Newspapers Might Soon Be Delivered On Mobile Phones

Dennis Faas's picture

With most national newspapers experiencing record-low subscriber rates, many are starting to wonder if newspapers (at least in printed form) are on the brink of extinction. California start-up company Verve Wireless has come forward with a tempting offer that could save many newspaper companies.

That's not to say that people are not reading newspaper content. Online newspapers, whether coming from national news sources or reputable newsletters like, are being read by millions of people on a daily basis. In fact, after search engines and email services, newspaper content (weather, sports, politics and entertainment) is the most-searched information among mobile users.

The key to future success for newspaper companies is not only posting their content online, but considering the mediums people are using to read this information. Many assume that people are reading online news content on their computers, yet a significant percentage of people use their mobile phones to surf the Internet. Of the 95 million mobile Internet subscribers in the United States alone, 40 million actively use their phones to connect online.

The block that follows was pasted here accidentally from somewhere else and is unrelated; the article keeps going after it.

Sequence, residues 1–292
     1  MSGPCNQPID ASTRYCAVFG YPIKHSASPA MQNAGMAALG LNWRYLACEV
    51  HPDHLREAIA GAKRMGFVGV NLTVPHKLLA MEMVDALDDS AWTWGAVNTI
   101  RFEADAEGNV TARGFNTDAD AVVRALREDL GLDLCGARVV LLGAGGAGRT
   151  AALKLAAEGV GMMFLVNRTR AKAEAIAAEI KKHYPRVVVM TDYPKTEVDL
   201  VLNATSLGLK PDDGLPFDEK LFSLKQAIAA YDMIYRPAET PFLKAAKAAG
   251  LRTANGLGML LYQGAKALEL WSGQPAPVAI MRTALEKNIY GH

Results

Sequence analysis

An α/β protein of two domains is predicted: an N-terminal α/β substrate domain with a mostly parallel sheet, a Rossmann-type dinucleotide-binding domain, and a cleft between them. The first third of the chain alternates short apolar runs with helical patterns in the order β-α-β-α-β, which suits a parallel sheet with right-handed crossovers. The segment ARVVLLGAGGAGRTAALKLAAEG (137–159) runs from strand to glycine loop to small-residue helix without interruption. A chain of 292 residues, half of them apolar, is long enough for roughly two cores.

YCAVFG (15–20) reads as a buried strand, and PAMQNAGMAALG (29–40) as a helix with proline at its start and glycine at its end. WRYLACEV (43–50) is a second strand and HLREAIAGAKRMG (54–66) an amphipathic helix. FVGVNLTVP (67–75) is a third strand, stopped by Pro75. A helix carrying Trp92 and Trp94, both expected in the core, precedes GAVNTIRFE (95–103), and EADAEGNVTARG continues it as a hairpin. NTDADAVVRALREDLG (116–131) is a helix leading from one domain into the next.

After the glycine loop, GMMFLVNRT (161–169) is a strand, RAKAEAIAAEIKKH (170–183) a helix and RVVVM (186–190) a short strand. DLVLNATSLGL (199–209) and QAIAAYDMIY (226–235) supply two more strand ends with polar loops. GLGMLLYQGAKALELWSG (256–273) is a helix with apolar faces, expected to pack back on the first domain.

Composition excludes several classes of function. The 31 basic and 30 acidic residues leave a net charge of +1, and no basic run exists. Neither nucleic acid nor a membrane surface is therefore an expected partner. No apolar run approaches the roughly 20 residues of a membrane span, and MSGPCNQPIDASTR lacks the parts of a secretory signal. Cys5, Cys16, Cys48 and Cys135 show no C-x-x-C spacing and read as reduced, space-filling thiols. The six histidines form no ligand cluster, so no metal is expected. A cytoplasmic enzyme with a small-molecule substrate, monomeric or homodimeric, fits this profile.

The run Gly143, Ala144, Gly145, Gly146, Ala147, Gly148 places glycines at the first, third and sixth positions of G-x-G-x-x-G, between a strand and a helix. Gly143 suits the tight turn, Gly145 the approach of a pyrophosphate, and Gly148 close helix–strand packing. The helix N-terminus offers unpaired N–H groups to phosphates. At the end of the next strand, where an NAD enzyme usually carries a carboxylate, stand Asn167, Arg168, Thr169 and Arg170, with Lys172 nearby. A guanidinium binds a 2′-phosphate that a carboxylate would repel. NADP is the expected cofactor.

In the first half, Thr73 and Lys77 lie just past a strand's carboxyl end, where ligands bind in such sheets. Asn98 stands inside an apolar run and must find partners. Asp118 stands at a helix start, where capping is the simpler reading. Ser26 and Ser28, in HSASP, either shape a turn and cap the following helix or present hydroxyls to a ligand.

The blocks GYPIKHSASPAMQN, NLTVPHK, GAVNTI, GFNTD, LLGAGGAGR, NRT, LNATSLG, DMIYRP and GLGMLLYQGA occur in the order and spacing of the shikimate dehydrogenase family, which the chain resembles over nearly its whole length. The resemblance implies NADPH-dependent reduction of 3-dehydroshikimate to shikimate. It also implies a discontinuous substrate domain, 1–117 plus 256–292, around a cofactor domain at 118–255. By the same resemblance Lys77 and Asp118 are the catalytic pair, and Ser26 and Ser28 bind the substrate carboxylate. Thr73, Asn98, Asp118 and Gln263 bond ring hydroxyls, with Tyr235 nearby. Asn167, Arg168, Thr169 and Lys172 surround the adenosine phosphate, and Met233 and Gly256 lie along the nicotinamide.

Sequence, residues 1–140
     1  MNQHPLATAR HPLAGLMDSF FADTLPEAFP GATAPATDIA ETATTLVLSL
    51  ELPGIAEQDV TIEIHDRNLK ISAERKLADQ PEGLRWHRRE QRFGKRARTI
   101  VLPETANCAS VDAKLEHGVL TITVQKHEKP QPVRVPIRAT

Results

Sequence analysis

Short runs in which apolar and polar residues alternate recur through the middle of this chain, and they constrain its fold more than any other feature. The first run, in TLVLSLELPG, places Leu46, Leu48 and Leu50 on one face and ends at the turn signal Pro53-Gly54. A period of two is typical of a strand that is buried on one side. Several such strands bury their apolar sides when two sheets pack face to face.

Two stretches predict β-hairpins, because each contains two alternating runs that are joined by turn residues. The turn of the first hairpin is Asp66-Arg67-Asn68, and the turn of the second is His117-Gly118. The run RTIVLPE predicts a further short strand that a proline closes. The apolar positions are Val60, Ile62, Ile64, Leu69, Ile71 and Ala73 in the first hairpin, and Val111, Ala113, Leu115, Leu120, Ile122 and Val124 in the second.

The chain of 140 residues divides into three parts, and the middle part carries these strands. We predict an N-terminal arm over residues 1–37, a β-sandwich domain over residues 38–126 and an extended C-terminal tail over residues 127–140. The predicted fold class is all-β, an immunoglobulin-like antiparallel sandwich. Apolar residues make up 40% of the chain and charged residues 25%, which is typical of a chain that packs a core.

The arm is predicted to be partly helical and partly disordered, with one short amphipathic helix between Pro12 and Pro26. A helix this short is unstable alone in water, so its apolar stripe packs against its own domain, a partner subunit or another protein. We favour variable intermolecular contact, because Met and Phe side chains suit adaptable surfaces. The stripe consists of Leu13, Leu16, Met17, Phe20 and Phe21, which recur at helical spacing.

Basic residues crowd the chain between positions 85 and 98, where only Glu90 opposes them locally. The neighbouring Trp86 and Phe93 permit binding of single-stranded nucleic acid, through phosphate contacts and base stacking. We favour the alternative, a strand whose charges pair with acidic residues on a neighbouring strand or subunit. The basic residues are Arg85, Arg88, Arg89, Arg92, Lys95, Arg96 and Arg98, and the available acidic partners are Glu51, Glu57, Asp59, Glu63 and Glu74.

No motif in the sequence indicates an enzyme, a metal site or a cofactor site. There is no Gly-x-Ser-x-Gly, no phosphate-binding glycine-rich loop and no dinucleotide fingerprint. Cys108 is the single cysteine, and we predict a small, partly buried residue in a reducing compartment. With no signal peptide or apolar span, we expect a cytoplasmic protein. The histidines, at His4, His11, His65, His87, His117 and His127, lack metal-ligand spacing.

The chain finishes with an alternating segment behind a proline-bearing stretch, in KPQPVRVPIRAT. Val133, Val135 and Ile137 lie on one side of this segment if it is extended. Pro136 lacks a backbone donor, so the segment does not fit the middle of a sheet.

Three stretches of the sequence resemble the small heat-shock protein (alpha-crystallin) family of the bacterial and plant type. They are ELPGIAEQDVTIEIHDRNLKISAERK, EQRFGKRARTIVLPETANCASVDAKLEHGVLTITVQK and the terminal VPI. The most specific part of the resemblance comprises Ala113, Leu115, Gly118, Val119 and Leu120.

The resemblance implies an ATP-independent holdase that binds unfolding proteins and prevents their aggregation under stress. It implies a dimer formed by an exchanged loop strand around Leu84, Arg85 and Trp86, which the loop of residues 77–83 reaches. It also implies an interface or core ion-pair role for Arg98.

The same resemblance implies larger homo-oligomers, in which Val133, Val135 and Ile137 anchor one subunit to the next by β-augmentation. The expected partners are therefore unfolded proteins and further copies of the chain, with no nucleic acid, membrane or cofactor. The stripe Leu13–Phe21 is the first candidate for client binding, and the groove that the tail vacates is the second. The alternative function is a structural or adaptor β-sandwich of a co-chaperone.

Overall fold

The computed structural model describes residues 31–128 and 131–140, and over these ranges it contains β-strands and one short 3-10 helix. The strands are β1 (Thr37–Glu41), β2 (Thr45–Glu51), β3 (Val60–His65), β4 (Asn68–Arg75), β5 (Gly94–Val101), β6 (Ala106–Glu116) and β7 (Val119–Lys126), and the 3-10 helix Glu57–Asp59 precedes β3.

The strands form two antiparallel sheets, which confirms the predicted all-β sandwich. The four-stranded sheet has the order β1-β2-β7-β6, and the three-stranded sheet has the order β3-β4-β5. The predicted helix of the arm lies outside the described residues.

Verve Wireless specializes in creating web sites for mobile phones and has already secured the contracts of over 4,000 newspapers from 140 publishers across North America. Its biggest customer is the Associated Press (AP), which has invested over $3 million to finance Verve. The AP has even released a popular iPhone application developed by Verve that allows users to scan daily news headlines, save articles to read later, and send articles to other contacts. (Source:

Analysts believe that the problem with most newspapers is not a refusal to introduce their material online, it is that most do not have the resources, expertise, or relationships needed with cell phone carriers to build mobile sites themselves.

Will this venture prove profitable for Verve?

Most mobile companies are attempting to persuade advertisers to pay more for advertisements that appear on cell phones as opposed to web-based advertisements, claiming that mobile advertising will be the next wave of the future.

So far, advertising companies are not buying into this prediction. Advertisers currently invest $1.6 billion in mobile ads compared to the $26 billion spent on web-based ads. (Source:

If mobile companies can produce hard data that suggests mobile ads are working, we could soon see much more money invested in this area.

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